It is fun roaming from town to town down a lonely, hot, rural highway. Each community has its unique flavor. Residents, usually numbering only in the hundreds, are fiercely proud of their town’s heritage and place in history. [This seems to be different from the older towns and villages in the northeast where folks seem vaguely aware of their community’s history but do not seem to spend a lot of energy contemplating the past]
Elk Creek, Nebraska, like many other little places here, sprang up around the railroad, when the train company decided to build a depot on this track of farm land. Settlers, business people, and every day folk set up their living quarters around the rail stop. Just like in the dime western novel there were clap board houses, a church, and shops and of course a salon. Many of the earliest arrivals found work on the railroad. They also brought fervent sentiments for their ancestor’s religious beliefs. In this town many of the early inhabitants were Irish Roman Catholic.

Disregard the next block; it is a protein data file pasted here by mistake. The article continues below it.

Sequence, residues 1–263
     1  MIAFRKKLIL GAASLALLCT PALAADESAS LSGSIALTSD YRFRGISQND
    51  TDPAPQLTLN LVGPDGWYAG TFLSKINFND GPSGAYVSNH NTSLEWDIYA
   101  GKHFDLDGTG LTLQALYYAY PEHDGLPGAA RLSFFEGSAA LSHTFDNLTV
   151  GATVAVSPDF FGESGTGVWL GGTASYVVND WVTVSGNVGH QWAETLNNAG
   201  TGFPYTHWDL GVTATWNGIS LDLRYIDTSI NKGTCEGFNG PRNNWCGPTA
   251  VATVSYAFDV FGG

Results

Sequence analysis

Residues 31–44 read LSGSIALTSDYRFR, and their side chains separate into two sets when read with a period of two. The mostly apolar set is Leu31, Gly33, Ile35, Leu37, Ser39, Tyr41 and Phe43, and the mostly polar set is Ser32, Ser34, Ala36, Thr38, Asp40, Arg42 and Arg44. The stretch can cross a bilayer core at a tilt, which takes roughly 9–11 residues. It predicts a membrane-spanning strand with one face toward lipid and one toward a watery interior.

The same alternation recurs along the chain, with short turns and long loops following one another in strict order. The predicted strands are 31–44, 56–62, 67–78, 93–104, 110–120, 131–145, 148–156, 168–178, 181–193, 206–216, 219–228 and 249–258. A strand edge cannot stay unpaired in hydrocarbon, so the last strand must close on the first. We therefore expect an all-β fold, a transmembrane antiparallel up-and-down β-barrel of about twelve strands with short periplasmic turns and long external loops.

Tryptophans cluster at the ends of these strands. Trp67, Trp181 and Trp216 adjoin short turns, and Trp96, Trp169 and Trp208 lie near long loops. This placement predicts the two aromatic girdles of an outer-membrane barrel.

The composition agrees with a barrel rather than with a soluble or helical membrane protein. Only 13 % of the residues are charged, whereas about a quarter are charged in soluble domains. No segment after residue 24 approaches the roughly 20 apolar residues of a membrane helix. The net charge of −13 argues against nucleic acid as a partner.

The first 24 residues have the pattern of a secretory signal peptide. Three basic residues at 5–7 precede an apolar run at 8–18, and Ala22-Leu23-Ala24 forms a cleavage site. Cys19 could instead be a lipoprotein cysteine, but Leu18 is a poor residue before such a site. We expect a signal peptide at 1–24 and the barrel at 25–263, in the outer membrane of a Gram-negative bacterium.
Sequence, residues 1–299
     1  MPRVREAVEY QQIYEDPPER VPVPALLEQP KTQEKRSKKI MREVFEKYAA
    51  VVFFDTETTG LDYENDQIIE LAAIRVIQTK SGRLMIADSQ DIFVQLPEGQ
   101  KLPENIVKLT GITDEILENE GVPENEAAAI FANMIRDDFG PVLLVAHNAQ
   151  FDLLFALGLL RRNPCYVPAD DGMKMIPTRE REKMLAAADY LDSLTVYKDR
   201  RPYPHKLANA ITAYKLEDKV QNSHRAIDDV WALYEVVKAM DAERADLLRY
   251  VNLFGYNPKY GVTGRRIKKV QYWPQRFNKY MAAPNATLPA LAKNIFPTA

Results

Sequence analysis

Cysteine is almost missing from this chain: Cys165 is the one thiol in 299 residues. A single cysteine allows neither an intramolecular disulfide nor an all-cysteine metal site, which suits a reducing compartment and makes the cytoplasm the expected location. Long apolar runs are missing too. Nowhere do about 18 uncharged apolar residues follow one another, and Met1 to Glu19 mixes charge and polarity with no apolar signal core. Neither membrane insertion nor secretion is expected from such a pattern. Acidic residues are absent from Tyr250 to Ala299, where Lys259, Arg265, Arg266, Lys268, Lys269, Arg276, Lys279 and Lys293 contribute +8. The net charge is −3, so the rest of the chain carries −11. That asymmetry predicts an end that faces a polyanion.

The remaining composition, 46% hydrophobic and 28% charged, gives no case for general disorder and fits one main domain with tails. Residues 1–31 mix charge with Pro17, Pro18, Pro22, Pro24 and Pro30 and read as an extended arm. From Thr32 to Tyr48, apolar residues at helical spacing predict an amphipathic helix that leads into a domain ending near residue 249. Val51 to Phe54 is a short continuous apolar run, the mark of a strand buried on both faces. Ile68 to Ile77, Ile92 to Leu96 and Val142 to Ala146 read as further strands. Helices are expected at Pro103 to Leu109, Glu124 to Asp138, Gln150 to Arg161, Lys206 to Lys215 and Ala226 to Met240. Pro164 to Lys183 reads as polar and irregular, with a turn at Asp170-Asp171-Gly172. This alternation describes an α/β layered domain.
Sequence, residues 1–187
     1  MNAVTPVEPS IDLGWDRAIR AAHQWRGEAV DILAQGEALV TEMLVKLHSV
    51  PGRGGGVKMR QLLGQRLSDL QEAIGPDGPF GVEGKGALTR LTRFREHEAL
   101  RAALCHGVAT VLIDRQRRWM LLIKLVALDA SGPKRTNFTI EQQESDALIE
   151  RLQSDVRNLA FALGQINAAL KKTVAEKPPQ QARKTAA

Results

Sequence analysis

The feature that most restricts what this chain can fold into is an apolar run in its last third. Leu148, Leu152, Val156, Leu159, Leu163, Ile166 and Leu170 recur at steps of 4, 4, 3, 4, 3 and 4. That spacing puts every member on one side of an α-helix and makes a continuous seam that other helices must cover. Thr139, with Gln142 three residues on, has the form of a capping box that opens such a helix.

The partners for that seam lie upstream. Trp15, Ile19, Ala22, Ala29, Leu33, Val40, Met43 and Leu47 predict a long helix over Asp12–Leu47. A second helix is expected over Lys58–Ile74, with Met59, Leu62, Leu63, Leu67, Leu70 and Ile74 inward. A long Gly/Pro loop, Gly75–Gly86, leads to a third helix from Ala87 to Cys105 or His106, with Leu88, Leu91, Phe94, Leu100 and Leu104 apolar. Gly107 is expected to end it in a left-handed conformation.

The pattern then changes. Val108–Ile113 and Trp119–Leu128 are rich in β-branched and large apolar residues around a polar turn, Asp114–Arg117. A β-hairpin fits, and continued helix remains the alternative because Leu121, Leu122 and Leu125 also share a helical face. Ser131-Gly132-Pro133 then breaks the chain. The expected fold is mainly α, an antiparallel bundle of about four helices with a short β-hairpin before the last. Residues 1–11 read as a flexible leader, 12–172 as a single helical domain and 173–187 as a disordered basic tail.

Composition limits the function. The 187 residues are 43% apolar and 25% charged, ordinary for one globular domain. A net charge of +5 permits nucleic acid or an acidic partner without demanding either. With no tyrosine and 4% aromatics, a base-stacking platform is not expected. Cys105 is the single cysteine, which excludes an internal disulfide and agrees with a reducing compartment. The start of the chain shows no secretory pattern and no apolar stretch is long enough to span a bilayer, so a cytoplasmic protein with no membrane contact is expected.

Just like in “Lonesome Prairie” the original cattle were driven here by daring drovers all the way from Texas. The cattle barons assumed they had a God given right to take over the land that had been hunted for centuries by local Native Americans. Settlers arrived in mass not much later. Since “the Great White Father” way back in Washington, D.C. had given each of them free land for farming they naturally assumed they had a God given right to farm the land, and fence out bothersome cattle. Add to this explosive mix ruffians, drifters, gun fighters, gamblers and con men, The resulting violence was inevitable!
But hold on Nebraska! You are not alone. Every state west of the Mississippi has the same heritage. And, save the cattle, every state in the lower 48 has a past much the same. Yes, this is what America was once like.